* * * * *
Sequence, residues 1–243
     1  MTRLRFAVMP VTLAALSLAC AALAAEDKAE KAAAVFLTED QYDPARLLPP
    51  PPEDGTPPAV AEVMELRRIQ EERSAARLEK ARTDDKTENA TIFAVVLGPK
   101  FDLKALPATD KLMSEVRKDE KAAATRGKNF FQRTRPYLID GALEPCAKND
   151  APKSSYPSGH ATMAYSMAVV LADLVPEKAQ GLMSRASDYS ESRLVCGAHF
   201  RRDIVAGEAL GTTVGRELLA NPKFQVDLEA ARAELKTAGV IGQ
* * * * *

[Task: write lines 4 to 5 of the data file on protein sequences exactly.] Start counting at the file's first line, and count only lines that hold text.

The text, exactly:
   101  FDLKALPATD KLMSEVRKDE KAAATRGKNF FQRTRPYLID GALEPCAKND
   151  APKSSYPSGH ATMAYSMAVV LADLVPEKAQ GLMSRASDYS ESRLVCGAHF